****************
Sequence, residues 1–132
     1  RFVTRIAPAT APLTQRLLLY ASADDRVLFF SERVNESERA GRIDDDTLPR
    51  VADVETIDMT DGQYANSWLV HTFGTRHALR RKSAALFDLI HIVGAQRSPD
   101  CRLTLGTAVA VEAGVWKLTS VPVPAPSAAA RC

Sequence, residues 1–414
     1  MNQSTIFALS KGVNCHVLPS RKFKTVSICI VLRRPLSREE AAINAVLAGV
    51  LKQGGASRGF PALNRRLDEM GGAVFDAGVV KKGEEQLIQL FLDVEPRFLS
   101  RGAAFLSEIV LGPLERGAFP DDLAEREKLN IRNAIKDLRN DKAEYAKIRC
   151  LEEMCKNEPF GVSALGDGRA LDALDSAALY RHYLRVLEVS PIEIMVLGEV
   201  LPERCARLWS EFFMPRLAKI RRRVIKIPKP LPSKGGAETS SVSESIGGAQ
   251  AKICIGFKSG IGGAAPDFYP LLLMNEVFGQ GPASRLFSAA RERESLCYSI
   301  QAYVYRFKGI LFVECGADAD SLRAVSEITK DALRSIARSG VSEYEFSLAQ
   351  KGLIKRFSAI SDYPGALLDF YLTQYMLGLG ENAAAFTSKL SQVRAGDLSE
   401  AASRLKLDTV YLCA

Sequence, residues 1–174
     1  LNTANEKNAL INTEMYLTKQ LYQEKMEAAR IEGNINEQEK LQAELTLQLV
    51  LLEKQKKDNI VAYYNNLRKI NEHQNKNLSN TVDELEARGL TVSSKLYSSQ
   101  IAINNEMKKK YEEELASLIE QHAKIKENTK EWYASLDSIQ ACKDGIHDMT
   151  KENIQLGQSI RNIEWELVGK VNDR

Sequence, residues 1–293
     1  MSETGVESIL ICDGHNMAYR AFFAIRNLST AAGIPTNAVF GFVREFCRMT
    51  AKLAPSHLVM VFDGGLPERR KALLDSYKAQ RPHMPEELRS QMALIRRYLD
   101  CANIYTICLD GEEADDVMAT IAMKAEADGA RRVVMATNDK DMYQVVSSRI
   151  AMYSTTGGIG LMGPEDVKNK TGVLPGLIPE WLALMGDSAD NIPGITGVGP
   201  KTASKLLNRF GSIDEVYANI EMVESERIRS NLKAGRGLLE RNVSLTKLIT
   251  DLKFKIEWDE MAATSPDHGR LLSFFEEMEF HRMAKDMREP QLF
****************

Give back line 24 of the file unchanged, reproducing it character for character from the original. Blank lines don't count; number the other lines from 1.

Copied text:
   151  AMYSTTGGIG LMGPEDVKNK TGVLPGLIPE WLALMGDSAD NIPGITGVGP